Monday 5 December 2016

Scandinavian cottage over-looking stunning Donegal coast could be yours for €259k

Holiday properties on the market: Colourful scenery comes as standard with this dwelling, courtesy of the Trawena Bay skies

Alison Gill

Published 26/08/2016 | 02:30

Jacob's Cottage sits on Trawena Bay
Jacob's Cottage sits on Trawena Bay
A bedroom in the cottage
Sunset over the bay
The new cottage’s living room
Jacob's Cottage's stone-floored conservatory leading to a deck
The Scandinavian-style log cabin
Jacobs kitchen

Eighteen years ago, a Dutch couple came to Donegal in search of a unique Irish property to make their own. They fell in love with Jacob's Cottage, which at the time was in a bit of a sorry state.

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They spent nearly two decades building, renovating, refurbishing and tweaking until it was just right.

Two decades of hard work paid off and the 200-year-old dwelling now sits proudly on Trawena Bay as an example of the modern rural vernacular.

This cottage comes with some serious extras. The once snug abode has been extended in Scandinavian log cabin-style to include three extra rooms. The extension complements the original building, with the thatch roof continuing to the new part of the property.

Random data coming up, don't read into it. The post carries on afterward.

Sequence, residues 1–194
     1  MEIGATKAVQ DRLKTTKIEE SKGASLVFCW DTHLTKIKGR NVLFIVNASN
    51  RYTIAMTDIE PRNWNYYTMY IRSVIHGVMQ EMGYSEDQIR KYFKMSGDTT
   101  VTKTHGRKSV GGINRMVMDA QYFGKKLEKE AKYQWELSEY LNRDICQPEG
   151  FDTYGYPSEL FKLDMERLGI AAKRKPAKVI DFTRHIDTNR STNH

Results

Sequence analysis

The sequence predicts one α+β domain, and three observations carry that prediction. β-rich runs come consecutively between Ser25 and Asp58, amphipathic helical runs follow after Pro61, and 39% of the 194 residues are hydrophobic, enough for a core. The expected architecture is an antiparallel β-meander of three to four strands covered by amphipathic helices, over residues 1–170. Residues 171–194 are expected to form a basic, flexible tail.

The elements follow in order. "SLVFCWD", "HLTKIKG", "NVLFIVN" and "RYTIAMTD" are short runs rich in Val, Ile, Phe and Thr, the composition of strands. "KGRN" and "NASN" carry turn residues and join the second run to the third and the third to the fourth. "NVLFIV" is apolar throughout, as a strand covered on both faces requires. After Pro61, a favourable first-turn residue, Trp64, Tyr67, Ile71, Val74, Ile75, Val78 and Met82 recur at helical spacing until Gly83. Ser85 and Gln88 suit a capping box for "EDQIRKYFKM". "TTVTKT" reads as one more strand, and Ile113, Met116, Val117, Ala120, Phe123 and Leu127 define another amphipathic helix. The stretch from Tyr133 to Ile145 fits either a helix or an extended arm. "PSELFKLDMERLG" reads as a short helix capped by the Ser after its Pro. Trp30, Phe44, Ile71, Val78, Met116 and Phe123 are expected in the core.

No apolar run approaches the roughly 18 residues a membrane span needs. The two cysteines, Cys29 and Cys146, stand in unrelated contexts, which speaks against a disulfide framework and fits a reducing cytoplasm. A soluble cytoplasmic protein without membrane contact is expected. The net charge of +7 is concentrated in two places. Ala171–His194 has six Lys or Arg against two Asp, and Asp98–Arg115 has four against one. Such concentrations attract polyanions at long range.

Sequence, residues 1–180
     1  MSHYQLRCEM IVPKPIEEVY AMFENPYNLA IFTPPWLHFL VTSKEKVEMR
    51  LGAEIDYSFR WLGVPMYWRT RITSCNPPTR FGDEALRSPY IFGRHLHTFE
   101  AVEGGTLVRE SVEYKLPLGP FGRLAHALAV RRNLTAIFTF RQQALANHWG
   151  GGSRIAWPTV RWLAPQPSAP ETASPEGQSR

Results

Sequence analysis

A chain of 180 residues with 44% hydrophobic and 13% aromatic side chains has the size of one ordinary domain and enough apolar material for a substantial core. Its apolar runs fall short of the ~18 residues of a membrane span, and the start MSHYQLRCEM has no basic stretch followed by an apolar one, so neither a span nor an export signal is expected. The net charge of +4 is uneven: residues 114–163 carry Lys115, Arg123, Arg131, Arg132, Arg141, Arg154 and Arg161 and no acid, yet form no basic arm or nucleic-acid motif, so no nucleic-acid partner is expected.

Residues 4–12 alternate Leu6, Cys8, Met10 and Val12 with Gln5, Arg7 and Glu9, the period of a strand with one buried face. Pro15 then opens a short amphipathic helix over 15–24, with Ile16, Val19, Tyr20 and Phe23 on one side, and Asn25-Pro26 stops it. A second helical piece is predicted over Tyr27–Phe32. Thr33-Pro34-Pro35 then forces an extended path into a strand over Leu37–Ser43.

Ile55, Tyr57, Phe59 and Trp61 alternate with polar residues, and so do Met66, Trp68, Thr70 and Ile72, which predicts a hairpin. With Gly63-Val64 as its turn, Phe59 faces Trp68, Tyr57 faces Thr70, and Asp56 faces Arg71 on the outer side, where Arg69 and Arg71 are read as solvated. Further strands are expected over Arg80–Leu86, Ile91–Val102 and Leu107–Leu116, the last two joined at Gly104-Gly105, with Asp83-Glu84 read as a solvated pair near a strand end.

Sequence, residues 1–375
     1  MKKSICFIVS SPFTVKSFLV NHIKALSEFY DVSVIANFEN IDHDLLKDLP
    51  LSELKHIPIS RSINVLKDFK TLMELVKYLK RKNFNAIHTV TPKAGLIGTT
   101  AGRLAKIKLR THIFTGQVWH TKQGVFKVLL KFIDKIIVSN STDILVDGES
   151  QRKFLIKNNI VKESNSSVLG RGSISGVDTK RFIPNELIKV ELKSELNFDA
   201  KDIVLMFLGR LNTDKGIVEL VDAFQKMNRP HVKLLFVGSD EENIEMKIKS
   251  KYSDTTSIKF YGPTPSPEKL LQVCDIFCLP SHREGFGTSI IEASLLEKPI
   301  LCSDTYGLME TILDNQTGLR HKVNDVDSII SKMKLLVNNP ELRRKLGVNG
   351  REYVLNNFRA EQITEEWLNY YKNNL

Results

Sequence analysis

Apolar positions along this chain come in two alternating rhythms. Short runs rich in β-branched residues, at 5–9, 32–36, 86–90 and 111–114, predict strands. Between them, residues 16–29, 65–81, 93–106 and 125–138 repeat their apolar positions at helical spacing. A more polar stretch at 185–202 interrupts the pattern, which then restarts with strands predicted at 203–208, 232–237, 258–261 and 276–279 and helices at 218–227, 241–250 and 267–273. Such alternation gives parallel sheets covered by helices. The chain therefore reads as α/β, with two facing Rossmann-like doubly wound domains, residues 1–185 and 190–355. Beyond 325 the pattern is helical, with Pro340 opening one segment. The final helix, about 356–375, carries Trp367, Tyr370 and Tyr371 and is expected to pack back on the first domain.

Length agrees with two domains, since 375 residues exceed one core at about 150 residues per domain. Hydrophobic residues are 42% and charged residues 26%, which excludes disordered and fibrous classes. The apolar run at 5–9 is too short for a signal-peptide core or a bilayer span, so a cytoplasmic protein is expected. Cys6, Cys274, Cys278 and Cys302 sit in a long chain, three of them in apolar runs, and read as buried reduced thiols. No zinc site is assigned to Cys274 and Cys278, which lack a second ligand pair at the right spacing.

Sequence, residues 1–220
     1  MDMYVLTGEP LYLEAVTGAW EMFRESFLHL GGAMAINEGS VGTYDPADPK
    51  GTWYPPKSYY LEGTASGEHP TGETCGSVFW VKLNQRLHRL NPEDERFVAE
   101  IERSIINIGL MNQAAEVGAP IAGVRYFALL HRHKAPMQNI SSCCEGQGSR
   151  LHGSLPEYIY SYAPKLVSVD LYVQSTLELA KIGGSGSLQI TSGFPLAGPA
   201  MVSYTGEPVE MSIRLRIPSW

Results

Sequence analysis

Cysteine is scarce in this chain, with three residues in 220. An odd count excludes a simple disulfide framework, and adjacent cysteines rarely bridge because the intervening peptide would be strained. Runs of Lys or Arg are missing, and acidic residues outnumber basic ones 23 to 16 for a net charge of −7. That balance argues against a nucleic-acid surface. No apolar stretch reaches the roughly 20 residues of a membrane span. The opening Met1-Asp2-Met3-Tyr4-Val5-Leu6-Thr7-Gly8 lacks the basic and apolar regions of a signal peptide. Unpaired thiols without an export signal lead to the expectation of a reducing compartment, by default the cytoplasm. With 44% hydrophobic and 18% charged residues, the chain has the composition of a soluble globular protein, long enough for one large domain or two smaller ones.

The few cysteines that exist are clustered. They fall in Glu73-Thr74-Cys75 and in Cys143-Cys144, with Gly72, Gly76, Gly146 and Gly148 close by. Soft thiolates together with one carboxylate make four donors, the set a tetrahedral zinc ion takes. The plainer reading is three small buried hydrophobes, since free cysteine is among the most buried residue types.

This might provide enough space for some, but the vendors kept right on going and built a detached timber summer house elsewhere on the site. For family groups looking to share holidays and weekends away, this could be useful as it allows for shared experiences with independent accommodation.

Alternatively, it could provide extra income as a rental.

A bedroom in the cottage
A bedroom in the cottage
Sunset over the bay
The new cottage’s living room
Jacob's Cottage's stone-floored conservatory leading to a deck
The Scandinavian-style log cabin
Jacobs kitchen

There is also a small barbecue house and a restored stone shed on the grounds. Although this holding is very private, it's not so remote that you feel cut off from civilisation, with Dungloe a 10-minute drive away.

The house

A painted timber door on the original cottage opens up into an open-plan kitchen/living area. This room is decorated in traditional style with exposed beams, solid oak flooring and an open fireplace. The kitchen has fitted units, granite worktops, a Belfast sink and a double oven.